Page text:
Fur flies over bears as summer brings them out

May 11, 2009 

Spring is here and bears are emerging from their dens for the short stroll to Alaska's largest city. Some residents are putting out the NO VACANCY sign.

Anchorage has a reputation for being bear tolerant, but after three maulings last summer -- including a that of 15-year-old girl who nearly bled to death when attacked by a grizzly in a city park -- a chorus of outrage is building.

Wanda Phillips is among the concerned. She recently moved from Washington state -- where she saw no bears -- to the Anchorage suburb of Eagle River, where there are lots of bears.

Last summer, Phillips saw at least 10 bears near her home. A grizzly camped out in her back yard defending a moose kill. Alaska Department of Fish and Game officials told her to keep the family inside until the bear was finished with the carcass.

"It (that advice) didn't seem very helpful to me," she said. "We have a real safety problem. The fact they are ignoring it is a time bomb."

Anchorage is unique among midsize American cities. The municipality's 285,000 residents share space with at least 65 brown bears and about 250 black bears. The sprawling municipality is surrounded by wild country. Anchorage is next to Chugach State Park, a half-million-acre park that wildlife officials have described as a "bear factory."

In the history of Anchorage, there has been only one fatal attack by a grizzly bear. In July 1995, a mother and her son ran into a bear defending a moose kill along the McHugh Creek Trail outside the main part of the city. Both people were attacked and died.

However, the mauling of Petra Davis at Far North Bicentennial Park, followed by another attack on the same park trail later last summer and the mauling of a young man in Eagle River, have some residents demanding a crackdown on the bears.

Trash day is a real spectacle, Phillips said.

"You can sit on the deck and look from our windows and watch them cruise the neighborhood looking for people that don't use bear cans. They literally go from driveway to driveway to driveway," Phillips said.

Her children are not allowed to walk alone this time of year. They always are armed with pepper spray, she said.

Last summer, some children walking home from school encountered a large grizzly. They huddled up in a driveway, made lots of noise to scare off the bear and called for help on their cell phones.

Phillips, who was at her job 20 minutes away, got a call.

"My kids are screaming, 'There is a grizzly bear. We can't get home,' " she said.

One of the mothers rescued the children.

"I think a kid is going to end up being killed," Phillips said.


Already this summer, there is a feeling of deja vu. Last Friday, a sign went up on one of the city's most popular trails warning people of a black bear sow defending her cubs. Last month, a black bear chased some skiers and treed a man in the same park where two maulings occurred last summer.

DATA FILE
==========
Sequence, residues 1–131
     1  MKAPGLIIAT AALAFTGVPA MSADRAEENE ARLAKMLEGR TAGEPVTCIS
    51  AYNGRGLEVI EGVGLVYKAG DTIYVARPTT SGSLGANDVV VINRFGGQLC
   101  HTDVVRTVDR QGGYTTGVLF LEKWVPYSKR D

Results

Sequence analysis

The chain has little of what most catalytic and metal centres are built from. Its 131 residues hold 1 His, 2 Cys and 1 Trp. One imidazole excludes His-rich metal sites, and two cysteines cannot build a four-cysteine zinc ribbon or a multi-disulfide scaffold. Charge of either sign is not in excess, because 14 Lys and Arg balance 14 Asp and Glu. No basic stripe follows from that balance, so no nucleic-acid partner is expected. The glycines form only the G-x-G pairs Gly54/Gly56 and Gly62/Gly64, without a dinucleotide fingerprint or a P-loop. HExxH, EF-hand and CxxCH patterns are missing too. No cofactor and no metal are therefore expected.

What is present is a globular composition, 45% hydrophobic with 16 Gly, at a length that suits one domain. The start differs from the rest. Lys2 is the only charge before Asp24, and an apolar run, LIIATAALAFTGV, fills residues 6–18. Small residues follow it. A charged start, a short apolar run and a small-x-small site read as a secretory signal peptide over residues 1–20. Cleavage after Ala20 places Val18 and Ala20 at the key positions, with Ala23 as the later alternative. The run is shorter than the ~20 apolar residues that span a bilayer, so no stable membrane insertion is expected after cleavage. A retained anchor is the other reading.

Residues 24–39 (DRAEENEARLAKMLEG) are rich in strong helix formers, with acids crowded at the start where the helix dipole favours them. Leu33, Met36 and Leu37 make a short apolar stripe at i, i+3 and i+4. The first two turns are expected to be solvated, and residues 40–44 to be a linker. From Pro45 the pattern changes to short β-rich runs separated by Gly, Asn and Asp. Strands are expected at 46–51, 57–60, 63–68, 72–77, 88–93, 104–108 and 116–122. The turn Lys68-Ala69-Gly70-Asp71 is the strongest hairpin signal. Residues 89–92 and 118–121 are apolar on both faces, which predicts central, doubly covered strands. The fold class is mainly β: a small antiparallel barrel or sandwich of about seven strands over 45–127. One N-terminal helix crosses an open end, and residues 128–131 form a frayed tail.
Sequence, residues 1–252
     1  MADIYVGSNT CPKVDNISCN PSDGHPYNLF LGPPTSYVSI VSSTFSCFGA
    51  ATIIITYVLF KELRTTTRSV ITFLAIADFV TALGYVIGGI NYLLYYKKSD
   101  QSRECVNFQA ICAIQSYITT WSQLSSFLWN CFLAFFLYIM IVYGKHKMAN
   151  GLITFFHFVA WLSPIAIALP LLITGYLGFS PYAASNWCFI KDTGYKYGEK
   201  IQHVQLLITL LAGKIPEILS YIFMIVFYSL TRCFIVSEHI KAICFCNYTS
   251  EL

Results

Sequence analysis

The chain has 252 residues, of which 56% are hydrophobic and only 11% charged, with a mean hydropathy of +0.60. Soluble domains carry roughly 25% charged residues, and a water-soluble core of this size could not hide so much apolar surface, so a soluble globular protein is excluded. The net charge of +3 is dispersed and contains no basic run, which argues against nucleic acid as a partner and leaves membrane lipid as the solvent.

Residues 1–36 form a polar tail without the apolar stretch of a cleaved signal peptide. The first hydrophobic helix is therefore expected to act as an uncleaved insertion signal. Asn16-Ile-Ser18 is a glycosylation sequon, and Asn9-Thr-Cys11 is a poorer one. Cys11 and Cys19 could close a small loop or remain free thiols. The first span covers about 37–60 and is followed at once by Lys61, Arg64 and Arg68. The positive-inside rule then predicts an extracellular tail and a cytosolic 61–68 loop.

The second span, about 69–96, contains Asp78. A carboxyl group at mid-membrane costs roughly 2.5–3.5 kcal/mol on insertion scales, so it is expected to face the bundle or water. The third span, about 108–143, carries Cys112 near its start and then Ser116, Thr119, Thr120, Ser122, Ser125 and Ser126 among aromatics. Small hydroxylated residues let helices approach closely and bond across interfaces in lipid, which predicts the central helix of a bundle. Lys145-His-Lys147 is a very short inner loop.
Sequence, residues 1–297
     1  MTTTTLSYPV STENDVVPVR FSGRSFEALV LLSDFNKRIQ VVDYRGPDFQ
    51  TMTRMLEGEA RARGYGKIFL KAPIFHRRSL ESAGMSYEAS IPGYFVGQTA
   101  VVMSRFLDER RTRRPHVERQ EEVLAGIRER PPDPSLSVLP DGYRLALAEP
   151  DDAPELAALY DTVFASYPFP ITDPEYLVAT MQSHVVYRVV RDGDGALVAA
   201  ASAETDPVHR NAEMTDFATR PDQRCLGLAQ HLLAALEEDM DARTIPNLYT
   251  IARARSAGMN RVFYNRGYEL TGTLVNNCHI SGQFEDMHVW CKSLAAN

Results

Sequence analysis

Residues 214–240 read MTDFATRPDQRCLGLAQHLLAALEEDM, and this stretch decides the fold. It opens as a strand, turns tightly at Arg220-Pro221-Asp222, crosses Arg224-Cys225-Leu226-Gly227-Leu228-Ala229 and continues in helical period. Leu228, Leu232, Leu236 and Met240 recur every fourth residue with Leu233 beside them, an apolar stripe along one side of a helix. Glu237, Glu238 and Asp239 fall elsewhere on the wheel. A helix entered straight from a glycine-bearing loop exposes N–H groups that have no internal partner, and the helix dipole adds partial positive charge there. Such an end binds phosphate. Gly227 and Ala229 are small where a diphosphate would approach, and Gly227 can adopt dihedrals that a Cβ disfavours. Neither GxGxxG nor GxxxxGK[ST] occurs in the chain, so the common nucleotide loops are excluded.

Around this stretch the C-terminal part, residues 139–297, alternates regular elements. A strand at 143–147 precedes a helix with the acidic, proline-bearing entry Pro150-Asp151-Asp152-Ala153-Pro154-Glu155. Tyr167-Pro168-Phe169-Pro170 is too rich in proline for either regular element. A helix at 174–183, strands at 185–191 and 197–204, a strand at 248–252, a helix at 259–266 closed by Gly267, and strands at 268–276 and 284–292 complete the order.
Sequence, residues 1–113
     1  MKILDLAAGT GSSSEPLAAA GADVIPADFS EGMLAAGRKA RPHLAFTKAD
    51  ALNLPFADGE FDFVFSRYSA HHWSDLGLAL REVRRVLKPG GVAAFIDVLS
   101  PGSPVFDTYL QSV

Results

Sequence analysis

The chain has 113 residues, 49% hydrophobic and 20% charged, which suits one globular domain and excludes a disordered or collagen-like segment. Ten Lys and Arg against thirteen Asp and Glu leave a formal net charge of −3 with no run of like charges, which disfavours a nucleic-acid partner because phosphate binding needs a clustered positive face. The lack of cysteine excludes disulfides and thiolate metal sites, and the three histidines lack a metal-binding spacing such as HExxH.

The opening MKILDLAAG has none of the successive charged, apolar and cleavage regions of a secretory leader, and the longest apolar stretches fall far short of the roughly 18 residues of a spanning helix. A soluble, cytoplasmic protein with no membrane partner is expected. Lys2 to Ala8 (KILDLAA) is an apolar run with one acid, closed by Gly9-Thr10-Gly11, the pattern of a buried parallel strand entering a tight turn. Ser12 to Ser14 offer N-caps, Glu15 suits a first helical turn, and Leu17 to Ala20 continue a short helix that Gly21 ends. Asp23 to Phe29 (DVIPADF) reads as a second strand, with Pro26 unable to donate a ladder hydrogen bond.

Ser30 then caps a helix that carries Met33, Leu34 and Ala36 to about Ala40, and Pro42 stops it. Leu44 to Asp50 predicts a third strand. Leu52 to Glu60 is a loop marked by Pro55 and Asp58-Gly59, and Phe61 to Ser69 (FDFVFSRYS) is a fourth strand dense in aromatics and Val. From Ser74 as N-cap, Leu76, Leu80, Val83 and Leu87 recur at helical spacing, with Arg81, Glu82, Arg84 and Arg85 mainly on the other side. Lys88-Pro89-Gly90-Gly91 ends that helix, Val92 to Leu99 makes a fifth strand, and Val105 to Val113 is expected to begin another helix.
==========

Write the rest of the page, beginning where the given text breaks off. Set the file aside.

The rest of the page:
"People think, 'Holy cow, we are under assault,' " said Rick Sinnott, an area biologist with the Department of Fish and Game overseeing the bear problem.

In a move to target bolder bears before they reach Anchorage, Sinnott said hunting opportunities for brown bear have been increased in Chugach State Park. Ten permits will be issued. Sinnott hopes no more than three are killed.

"We don't really want to reduce the population that much," he said.

Anchorage is not being overrun by bears, Sinnott said.

"It was kind of an unusual situation last year, in part because I think we had a couple of brown bear sows with cubs in places where we probably can't tolerate them," he said.

He points to a 1997 survey that showed most people in Anchorage liked having bears around. But, he said, Anchorage's tolerance could be waning. Another survey is planned for this fall.

In the meantime, Anchorage's bear management policy will remain much the same as in the past, Sinnott said. If a particular bear is dangerous and has hurt someone and is likely to hurt someone again, it will be shot, Sinnott said.

Even if it appears more dangerous than the average bear but hasn't hurt anyone, it will be destroyed, he said. But, he said, there will be no mass extermination of bears.

"The people that want us to shoot all the bears in town, that is unreasonable," Sinnott said. "We don't kill bears in retribution. We try to examine each case."


Thomas Wood, a longtime Eagle River resident, said Anchorage's approach to bear management is "nonsense."

"They should shoot all the bears in town," he said. "Now they are coddling the bears so people are getting hurt. It is so stupid. The inmates are running the asylum."

Sinnott is not going to abandon old themes.

"I am still going to hammer on people about garbage this year," he said.

Last year, the city replaced more than 20 municipal trash containers in municipal parks with bear-resistant cans. This summer, the city plans to replace industrial trash bins with bear-resistant cans in areas where there are restaurants and apartment complexes.

For the first time, people who improperly dispose of their trash will be fined instead of being issued warnings. Fines for a first offense range from $50 to $300; they're up to $600 for a second offense.

Phillips said that's not enough. People who live in neighborhoods frequented by bears need to be required to use bear-resistant trash containers.

Paul Jenkins of Eagle River keeps a shotgun loaded with birdshot within easy reach to prevent a 300-pound black bear that hangs around his house from killing his dog. The bear has never been aggressive to Jenkins but has bluff-charged some of the neighbors walking their dogs.

"I am not going to let him eat my Schnauzer," he said.

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